Now, the pilots are looking for new ways to showcase their talents during their 50th season.
“One of the ways that we’re able to display the skills, professionalism and work of the men and women of the Canadian Forces is mainly through airshows and travelling over the summer,” said team lead Jean-Francois Dupont.
Since that’s not possible, the Snowbirds are doing it virtually instead.
The Socially Distant Air Show will stream military and civilian performers online. It’s a fundraiser for the International Council of Air Shows Foundation with all proceeds going to its members affected by Coronavirus.
“It may only take 15 to 30 minutes of our time to give back to the community and we’re super happy to do that,” Dupont said.
While the Snowbirds won’t actually be in the air for the show, they will showcase footage from training exercises and last year’s performances to give a “pilot’s perspective” on the maneuvers.
“We explain what we’re doing and how we’re doing it just to have a different view, instead of just sitting there and watching what we’re doing,” Dupont said.
Dupont, who loved going to airshows as a kid, said the online version is a great way to boost morale, but it doesn’t compare to the real in-person experience.
But, because of social distancing, online airshows might be the way of the future, at least for this season.
The Snowbirds typically perform roughly 60 shows in 30 to 40 different cities each year.
Many of those shows have been cancelled or delayed, according to Dupont. The Snowbirds have a tentative appearance set for the end of June, but it’s still up in the air.
“Because there are so many unknowns, we still have some training to do to be able to do a safe and good airshow,” Dupont said. “Everything will be based on when we start flying again. The longer we wait, the longer it will take for us to be ready.”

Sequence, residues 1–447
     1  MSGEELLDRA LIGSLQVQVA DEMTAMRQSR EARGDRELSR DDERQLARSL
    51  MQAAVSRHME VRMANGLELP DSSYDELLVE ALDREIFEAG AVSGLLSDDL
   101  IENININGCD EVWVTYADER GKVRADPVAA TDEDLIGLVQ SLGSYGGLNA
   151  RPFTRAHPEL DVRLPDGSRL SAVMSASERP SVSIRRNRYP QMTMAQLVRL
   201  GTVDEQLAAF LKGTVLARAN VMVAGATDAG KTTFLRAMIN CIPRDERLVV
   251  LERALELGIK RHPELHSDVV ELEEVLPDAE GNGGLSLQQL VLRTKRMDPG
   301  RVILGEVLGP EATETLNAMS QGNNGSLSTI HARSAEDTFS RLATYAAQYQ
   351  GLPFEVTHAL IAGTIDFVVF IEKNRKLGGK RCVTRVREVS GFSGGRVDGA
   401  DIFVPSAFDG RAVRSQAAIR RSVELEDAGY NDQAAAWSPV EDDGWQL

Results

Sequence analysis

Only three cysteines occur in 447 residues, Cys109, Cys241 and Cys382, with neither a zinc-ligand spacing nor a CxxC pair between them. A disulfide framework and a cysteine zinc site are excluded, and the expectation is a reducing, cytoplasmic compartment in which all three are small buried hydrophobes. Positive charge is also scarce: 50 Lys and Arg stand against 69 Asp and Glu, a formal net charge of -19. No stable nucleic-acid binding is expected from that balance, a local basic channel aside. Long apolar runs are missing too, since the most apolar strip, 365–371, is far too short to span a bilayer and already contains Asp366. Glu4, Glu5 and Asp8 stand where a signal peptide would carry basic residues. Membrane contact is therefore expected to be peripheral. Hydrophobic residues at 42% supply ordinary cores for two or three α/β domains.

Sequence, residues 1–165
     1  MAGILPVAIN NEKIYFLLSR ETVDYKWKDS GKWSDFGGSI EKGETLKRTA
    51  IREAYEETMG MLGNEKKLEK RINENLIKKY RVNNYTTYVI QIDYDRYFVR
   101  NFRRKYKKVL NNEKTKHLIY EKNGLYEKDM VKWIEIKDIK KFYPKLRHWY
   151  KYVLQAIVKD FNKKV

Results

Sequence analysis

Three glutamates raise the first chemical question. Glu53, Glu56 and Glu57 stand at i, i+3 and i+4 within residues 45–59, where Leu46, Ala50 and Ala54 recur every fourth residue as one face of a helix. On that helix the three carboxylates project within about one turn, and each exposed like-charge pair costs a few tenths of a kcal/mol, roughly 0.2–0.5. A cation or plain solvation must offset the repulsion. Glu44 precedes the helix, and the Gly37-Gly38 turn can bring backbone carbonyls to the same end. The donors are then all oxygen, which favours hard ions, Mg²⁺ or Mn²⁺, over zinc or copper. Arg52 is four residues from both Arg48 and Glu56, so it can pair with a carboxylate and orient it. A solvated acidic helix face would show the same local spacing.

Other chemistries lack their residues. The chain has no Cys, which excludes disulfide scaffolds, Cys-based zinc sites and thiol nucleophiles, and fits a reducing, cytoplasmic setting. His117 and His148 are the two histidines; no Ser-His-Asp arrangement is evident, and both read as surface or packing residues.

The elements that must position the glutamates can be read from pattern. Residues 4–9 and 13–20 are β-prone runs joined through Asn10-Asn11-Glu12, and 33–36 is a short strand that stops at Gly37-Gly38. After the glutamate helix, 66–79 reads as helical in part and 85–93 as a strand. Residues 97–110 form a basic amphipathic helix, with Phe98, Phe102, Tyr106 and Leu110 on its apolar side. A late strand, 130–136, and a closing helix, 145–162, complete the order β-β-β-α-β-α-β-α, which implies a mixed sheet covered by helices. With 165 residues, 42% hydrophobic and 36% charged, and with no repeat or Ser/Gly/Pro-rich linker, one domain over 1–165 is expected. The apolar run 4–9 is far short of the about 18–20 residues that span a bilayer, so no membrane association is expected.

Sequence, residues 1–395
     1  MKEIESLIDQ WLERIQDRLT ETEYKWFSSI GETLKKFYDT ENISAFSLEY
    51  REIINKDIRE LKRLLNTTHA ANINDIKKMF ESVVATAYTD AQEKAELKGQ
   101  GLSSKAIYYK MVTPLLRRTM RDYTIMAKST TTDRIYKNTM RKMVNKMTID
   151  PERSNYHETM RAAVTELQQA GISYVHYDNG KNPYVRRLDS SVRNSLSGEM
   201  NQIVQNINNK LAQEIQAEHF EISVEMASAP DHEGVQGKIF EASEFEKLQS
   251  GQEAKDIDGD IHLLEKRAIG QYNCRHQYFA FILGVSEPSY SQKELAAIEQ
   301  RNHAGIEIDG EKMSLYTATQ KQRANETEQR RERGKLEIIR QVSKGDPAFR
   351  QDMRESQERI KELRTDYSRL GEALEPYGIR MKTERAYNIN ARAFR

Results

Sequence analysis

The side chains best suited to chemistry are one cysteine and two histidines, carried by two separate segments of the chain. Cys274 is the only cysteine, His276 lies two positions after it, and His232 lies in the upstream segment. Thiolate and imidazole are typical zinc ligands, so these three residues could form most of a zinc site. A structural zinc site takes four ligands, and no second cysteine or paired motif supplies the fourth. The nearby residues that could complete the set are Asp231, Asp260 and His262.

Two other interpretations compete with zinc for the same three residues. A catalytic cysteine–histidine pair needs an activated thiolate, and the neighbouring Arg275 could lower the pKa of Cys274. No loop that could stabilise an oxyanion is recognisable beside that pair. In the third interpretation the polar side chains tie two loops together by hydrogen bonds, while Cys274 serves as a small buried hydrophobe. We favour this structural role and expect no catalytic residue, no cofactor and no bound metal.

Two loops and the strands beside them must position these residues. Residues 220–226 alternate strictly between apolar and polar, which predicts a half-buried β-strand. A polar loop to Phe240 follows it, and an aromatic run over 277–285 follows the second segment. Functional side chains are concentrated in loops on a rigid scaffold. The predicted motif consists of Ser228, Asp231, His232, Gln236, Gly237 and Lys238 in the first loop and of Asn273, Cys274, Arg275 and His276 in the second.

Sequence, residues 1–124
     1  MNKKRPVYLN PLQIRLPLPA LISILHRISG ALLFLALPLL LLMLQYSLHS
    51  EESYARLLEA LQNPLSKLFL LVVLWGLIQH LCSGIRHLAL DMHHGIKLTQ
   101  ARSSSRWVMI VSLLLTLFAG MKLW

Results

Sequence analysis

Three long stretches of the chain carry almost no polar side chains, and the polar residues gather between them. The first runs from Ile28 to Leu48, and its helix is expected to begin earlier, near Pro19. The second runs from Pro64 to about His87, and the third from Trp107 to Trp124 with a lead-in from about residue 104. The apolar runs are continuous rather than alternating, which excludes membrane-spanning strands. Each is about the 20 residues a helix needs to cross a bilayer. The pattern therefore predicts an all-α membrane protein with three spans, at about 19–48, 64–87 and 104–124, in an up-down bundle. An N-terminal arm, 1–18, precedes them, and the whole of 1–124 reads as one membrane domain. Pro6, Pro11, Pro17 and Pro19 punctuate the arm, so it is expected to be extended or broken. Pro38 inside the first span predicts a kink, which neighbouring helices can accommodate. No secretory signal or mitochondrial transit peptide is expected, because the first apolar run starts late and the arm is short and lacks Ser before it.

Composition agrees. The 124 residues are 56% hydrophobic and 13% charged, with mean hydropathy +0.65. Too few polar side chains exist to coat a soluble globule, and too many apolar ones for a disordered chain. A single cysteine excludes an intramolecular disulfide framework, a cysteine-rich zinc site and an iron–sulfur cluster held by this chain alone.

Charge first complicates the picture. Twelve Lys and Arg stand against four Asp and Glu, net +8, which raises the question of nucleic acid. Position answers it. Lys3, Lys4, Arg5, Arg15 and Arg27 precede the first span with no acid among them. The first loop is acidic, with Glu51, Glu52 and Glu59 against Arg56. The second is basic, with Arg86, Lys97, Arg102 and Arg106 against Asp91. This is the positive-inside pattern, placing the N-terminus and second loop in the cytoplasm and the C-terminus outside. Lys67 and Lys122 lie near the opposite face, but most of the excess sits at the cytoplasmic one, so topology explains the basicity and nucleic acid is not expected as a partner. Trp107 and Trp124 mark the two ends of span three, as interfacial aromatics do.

The uncertainty has not only put the pilots out of practice, it’s also thrown a wrench into the Snowbirds 50th season.
“I won’t lie, it’s a little disappointing,” Dupont said, adding they are ready to celebrate the season if COVID-19 allows.
“We might still carry on with our season. If not, the 50th season will be next year. We don’t know yet.”
Keeping things in perspective, Dupont said he feels lucky to still have a job doing something he loves in the middle of a pandemic when so many others have been laid off.
LiveAirShowTV is streaming the Socially Distant Air Show online from April 21 to 23.
Questions about COVID-19? Here are some things you need to know:
Health officials caution against all international travel. Returning travellers are legally obligated to self-isolate for 14 days, beginning March 26, in case they develop symptoms and to prevent spreading the virus to others. Some provinces and territories have also implemented additional recommendations or enforcement measures to ensure those returning to the area self-isolate.
Symptoms can include fever, cough and difficulty breathing — very similar to a cold or flu. Some people can develop a more severe illness. People most at risk of this include older adults and people with severe chronic medical conditions like heart, lung or kidney disease. If you develop symptoms, contact public health authorities.
To prevent the virus from spreading, experts recommend frequent handwashing and coughing into your sleeve. They also recommend minimizing contact with others, staying home as much as possible and maintaining a distance of two metres from other people if you go out.
For full COVID-19 coverage from Global News, click here.View link »